The Outer Banks’ Lighthouses
While the highlight of any trip to the Outer Banks is the gorgeous beaches, don’t make the mistake of spending all your time dozing in your beach chair. After you have gotten your fill of long walks on the beach, fishing off the pier, and perhaps a spin on a rental kite board, hop in the car and take a tour of the other popular Outer Banks attraction – the lighthouses.
The Outer Banks have some of the most famous lighthouses in the US. There are four located on the islands, and all but one are open for climbing and tours.
Bodie Island Lighthouse.
Starting at the southern tip of the islands you will find the Ocracoke Island Lighthouse.
Standing at only 65 feet tall, this may not be the most impressive lighthouse on the outer banks, but it is the oldest. Since 1823, this lighthouse has served as guide for mariners crossing the Oracoke Inlet. It’s not open for climbing, and there is no gift shop or museum, but this still-operational lighthouse is definitely worth a visit.
Heading north, the next lighthouse – with its iconic black and white candy cane stripes – is perhaps the most famous. The Cape Hatteras Lighthouse proudly declares itself the tallest brick lighthouse in North America.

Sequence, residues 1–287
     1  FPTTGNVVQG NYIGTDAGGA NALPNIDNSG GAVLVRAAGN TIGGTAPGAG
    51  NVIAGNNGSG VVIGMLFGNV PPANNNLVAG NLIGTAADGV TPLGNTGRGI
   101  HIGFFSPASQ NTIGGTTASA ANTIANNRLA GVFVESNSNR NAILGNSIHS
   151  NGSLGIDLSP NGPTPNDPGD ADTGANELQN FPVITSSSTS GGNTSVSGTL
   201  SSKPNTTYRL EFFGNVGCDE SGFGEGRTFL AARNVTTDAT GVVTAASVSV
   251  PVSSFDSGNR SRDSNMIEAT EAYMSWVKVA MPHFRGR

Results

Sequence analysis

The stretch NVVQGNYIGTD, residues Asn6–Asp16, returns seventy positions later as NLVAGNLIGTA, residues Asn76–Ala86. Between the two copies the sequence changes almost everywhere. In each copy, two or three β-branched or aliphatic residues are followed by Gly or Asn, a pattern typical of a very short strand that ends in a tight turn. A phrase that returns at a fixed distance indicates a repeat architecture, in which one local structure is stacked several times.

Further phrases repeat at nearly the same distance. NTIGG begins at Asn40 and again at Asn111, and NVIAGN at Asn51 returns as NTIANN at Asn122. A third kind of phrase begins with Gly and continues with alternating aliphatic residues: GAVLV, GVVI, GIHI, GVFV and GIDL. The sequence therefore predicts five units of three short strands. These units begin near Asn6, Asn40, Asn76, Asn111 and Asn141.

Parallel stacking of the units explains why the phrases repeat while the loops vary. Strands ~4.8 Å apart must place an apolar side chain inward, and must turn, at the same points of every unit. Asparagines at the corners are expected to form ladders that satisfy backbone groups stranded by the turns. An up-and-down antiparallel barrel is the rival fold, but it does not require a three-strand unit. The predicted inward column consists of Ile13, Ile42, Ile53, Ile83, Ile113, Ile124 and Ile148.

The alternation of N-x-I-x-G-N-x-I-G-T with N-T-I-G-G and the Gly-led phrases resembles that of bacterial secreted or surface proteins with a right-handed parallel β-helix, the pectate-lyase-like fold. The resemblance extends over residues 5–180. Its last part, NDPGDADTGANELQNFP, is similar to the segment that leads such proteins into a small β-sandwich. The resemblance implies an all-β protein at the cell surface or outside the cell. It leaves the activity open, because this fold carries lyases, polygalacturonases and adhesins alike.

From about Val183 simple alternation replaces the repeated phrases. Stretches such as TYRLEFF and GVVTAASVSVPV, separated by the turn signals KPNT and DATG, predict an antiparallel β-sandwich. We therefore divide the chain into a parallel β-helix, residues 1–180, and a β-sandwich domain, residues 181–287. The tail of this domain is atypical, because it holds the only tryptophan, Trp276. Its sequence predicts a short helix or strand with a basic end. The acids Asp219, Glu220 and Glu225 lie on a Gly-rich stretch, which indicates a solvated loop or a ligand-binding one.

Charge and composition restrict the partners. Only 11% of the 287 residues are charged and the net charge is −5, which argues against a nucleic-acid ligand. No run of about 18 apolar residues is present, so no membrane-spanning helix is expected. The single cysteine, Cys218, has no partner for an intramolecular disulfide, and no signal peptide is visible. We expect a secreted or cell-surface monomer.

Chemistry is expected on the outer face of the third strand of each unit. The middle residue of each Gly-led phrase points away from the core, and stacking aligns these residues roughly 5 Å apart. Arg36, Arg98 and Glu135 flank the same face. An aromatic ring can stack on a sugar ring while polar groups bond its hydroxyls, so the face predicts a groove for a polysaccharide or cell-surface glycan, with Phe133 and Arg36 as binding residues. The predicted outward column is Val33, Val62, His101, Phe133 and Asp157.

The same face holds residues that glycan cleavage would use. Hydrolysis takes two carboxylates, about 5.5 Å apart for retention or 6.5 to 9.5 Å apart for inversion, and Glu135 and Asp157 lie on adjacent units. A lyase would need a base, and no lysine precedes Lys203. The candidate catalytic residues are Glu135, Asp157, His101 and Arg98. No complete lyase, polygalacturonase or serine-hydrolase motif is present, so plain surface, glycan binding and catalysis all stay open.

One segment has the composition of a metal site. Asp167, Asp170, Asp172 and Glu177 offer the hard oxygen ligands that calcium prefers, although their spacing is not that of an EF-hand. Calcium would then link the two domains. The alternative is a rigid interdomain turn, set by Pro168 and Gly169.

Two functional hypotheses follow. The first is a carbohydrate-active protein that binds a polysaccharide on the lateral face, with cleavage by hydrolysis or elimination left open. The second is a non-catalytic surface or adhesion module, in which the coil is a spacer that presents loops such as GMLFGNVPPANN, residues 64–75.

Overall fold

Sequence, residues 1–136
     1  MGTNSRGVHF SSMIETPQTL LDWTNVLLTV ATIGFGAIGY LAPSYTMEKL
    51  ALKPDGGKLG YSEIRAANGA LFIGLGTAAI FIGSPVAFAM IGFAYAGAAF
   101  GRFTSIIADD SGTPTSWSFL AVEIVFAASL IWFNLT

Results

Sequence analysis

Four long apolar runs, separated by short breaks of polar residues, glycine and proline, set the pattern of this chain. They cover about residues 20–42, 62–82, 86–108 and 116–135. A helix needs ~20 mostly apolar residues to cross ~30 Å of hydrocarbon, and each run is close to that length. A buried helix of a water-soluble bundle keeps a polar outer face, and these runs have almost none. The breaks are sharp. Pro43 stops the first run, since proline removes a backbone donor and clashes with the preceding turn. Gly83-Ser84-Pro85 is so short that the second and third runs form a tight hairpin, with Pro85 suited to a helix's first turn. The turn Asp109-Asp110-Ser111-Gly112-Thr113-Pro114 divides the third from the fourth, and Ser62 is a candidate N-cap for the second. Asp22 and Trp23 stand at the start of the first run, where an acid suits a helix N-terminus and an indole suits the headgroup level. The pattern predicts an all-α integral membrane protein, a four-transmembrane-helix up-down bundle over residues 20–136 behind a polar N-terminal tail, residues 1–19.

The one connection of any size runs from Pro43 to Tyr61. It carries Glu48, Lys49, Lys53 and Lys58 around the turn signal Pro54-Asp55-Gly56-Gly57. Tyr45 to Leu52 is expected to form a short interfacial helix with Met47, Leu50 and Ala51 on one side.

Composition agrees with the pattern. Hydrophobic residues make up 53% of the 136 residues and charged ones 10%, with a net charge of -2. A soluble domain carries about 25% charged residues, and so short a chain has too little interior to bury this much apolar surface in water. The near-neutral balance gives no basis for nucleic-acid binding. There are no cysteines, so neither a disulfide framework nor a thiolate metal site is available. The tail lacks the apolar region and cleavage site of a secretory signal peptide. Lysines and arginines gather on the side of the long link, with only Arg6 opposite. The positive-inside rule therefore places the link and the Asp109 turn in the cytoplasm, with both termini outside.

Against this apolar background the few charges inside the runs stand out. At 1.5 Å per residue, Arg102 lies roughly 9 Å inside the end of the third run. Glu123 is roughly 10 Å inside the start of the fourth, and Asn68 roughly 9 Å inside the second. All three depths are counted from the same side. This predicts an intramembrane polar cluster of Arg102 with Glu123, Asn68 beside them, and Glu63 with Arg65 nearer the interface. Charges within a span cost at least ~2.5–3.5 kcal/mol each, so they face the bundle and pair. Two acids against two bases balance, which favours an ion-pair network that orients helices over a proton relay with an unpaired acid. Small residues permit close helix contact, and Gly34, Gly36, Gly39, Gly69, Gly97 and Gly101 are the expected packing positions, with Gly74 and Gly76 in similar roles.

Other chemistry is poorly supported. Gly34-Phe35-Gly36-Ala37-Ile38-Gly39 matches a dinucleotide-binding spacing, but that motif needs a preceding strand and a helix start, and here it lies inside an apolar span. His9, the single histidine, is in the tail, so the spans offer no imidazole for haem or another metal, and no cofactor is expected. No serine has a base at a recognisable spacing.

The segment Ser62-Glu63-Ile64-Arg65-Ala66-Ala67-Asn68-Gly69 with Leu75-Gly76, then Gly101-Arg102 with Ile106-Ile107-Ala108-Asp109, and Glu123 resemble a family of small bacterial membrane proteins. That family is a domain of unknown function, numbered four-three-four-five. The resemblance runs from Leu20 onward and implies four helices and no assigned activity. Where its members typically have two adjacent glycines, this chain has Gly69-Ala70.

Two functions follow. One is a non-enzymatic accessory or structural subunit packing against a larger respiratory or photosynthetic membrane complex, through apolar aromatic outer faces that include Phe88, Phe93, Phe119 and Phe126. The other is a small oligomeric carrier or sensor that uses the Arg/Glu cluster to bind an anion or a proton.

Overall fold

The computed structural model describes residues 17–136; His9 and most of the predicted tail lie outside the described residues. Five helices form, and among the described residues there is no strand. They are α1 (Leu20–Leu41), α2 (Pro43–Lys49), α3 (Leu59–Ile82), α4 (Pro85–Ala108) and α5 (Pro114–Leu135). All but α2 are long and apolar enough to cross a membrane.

At 209 feet tall, you must climb 257 steps up a winding iron staircase to reach the top. The lighthouse is now operated by the National Park Service, and in addition to the climb, you can also visit a small on-site museum and gift shop.
Inside the Cape Hatteras Lighthouse.
Next is the Bodie Island Lighthouse.
This lighthouse recently underwent an extensive renovation that ensures visitors will continue to be able to climb all 214 stairs to the top of this 156 foot tall structure. With bold black and white stripes on the outside, and gleaming freshly painted white brick and an intricate iron staircase inside, this beauty is a must see. And the view from the top isn’t too bad either.
The final lighthouse on the Outer Banks is the Currituck Beach Lighthouse.
Located in historic Corolla Village, this red brick lighthouse offers visitors the opportunity to climb up all 220 steps for a sweeping view of the water below. Along the way up or down you can take in the exhibits on the landings that tell the story of the lighthouse and those who have kept it running for so many years.
Plan a Trip to the Outer Banks Today
The prime season to visit the Outer Banks is May through October, and now is a great time to visit. Escape the summer heat with cool ocean breezes and days spent lounging on the sand. Indulge in freshly caught seafood and take in the history of the area with a visit to the famous lighthouses, the Wright Brothers Memorial, or the Graveyard of the Atlantic Museum. The Outer Banks is a fun place for visitors of all ages and the prefect place to take an RV trip this year.
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